Her mouth should cover the entire area and not just the nipple.

By Day 2 in hospital I was already spamming nipple cream after every feed and the middle of night feeds really did me in.
Also the epidural effect on the baby had started wearing off and Clarissa turned out to have the most hysterical cries by Day 3.

On Day 3, the morning I was due to be discharged, she'd started crying on and off and we were not sure why.
I'd just fed her and her diapers were clean.

It turned out that she was still hungry and I tried latching her again.
My nips hurt big time and I suspected I wasn't producing enough milk for her.

It was Sunday and the pharmacy was closed so we couldn't get any formula milk powder.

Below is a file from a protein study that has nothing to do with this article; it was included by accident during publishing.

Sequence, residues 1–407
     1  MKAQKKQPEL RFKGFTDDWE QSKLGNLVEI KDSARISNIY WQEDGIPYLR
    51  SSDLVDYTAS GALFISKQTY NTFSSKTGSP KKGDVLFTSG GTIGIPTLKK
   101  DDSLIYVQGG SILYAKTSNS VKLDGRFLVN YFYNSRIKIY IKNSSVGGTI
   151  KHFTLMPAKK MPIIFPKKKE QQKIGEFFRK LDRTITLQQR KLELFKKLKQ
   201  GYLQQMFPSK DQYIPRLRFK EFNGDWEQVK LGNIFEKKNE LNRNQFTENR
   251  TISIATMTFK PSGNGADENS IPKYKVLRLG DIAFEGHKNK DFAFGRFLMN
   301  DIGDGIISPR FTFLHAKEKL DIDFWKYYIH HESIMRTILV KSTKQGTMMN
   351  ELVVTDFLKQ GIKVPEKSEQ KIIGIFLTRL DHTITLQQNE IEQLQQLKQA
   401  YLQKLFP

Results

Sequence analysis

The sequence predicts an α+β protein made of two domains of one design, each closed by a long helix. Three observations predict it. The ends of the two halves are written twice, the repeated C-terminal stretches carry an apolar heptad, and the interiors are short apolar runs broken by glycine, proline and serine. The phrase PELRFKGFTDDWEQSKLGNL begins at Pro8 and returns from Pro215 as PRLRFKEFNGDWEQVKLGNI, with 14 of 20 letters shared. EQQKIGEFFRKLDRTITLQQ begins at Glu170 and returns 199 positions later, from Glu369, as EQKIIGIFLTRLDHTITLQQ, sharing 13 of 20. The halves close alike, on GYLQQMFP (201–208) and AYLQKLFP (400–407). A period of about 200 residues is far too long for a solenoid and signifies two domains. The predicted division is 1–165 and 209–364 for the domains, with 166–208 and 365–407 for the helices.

So we asked the nurse for help, and she kindly gave us some formula milk samples to tide us over the weekend.

And then we went home.
It was a breeze at first. Clarissa was sleeping when we got home.

So tiny lol.

But less than an hour after we got home she started crying hysterically.
My nipples were all cracked and I couldn't latch her so we decided to feed her some formula milk.

It was a mess because we couldn't decide whether to feed her with a spoon or with the teat. I was feeling paranoid about the cleanliness of both the spoon and the teat.

She finally calmed down after drinking something and the confinement nanny arrived and took over.

The next morning, the hubs went out with the nanny to get all the supplies and I started pumping.
The hubs helped to open all the pump and steriliser and milk bottles the night before. Hahaha somehow I didn't think of preparing these beforehand.